Western lead products
The Western Lead, or Avanti, site is located at 502-566 South Harris Street, Indianapolis, IN. The site covers approximately 17-acres and is bounded on the north by Victoria Street, on the east by Harris Street, on the south by railroad tracks, and on the west by Eagle Creek. The site is located in a predominantly residential area.
Since the mid-1930s, industrial operations at the site have included a battery recycling operation, a lead smelter, and a lead oxide facility.. The site was heavily contaminated with lead and battery casings that were discarded on the property. Onsite activities resulted in deposit of lead-contaminated dust in nearby residential yards to the east and northeast of the site.
The site was investigated in the early 1990s due to numerous complaints of air-borne lead dust and the discovery of lead contamination in neighboring residential wells. Investigations documented the presence of lead in the soil both on-site and in nearby residential yards. In April of 1993, the Indiana Department of Environmental Management (IDEM) and Marion County Health Department conducted surface soil sampling for heavy metals at the site and detected lead concentrations as high as 180,000 parts per million (ppm).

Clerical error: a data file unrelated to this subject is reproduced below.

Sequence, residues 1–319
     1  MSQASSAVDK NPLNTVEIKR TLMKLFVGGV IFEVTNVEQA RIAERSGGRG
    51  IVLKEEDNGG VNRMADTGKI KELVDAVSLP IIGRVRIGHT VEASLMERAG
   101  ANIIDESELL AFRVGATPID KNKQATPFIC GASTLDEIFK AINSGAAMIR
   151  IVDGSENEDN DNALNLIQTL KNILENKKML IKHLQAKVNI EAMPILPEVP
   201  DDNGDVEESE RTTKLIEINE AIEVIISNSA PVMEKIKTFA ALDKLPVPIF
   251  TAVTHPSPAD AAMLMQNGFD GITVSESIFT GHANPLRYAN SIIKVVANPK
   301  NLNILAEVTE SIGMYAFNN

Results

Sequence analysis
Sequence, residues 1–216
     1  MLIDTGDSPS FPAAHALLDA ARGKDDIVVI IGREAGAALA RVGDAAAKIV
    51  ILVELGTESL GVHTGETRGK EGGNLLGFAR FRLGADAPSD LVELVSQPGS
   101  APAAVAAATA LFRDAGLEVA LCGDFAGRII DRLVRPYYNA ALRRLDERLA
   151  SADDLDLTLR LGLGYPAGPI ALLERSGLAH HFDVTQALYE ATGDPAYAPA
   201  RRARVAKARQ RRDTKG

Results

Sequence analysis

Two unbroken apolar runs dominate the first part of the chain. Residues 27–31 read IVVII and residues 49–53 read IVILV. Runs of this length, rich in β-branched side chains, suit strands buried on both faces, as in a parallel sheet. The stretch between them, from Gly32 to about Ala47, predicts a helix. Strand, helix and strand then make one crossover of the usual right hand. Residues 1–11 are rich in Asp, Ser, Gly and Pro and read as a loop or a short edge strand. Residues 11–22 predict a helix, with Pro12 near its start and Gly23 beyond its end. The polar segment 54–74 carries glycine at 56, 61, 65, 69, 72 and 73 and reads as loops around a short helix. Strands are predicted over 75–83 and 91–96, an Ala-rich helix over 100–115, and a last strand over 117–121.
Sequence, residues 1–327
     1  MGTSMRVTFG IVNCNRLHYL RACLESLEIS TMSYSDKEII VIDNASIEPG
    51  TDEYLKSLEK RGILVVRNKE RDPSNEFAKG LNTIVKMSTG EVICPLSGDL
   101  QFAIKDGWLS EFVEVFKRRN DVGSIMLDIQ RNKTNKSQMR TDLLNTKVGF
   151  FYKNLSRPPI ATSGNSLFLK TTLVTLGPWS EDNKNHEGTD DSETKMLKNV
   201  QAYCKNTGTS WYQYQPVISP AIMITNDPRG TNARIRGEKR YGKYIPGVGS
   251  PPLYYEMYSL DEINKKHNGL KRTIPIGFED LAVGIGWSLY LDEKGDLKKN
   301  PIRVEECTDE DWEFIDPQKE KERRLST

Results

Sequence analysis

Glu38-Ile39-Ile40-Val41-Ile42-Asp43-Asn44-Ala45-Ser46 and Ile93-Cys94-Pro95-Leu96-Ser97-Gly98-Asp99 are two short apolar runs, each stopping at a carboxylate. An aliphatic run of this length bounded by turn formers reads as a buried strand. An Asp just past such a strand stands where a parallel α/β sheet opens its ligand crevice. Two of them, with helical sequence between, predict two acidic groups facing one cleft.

Between 1994 and 1999, EPA provided oversight of an emergency removal of lead-contaminated soils from nearby residential properties (Phase I) and removal and consolidation of contaminated soils on the industrial site property (Phase II). Phase I included removal of contaminated soil from 288 residences, re-vegetation, and the extension of city water mains to homes using private drinking water wells. Phase II included removal or consolidation of contaminated soil and debris, decontamination of existing buildings, fencing, and re-vegetation. Both Phases were completed in 1999.
In August of 2010, IDEM, under a cooperative agreement with EPA, conducted a reassessment of the site to determine if it warranted further investigation under the Comprehensive Environmental Response, Compensation, and Liability Act (CERCLA). IDEM ultimately concluded that it did not, as the site no longer presented “significant potential for harm to human health or the environment through the ground water, surface water, or soil exposure pathways.”